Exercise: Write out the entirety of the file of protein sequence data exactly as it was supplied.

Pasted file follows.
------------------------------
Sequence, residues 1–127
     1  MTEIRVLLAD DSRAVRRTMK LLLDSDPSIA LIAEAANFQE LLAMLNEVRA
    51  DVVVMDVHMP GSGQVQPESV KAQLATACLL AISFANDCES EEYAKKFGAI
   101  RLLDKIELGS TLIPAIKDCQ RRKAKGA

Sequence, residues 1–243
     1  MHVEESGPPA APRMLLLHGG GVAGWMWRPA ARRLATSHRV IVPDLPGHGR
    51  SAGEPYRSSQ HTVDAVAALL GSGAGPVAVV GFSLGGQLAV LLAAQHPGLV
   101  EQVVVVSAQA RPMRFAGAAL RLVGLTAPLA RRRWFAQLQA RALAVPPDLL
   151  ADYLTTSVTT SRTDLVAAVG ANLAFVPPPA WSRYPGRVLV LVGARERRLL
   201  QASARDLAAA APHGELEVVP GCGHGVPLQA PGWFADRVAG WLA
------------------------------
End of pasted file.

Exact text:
Sequence, residues 1–127
     1  MTEIRVLLAD DSRAVRRTMK LLLDSDPSIA LIAEAANFQE LLAMLNEVRA
    51  DVVVMDVHMP GSGQVQPESV KAQLATACLL AISFANDCES EEYAKKFGAI
   101  RLLDKIELGS TLIPAIKDCQ RRKAKGA

Sequence, residues 1–243
     1  MHVEESGPPA APRMLLLHGG GVAGWMWRPA ARRLATSHRV IVPDLPGHGR
    51  SAGEPYRSSQ HTVDAVAALL GSGAGPVAVV GFSLGGQLAV LLAAQHPGLV
   101  EQVVVVSAQA RPMRFAGAAL RLVGLTAPLA RRRWFAQLQA RALAVPPDLL
   151  ADYLTTSVTT SRTDLVAAVG ANLAFVPPPA WSRYPGRVLV LVGARERRLL
   201  QASARDLAAA APHGELEVVP GCGHGVPLQA PGWFADRVAG WLA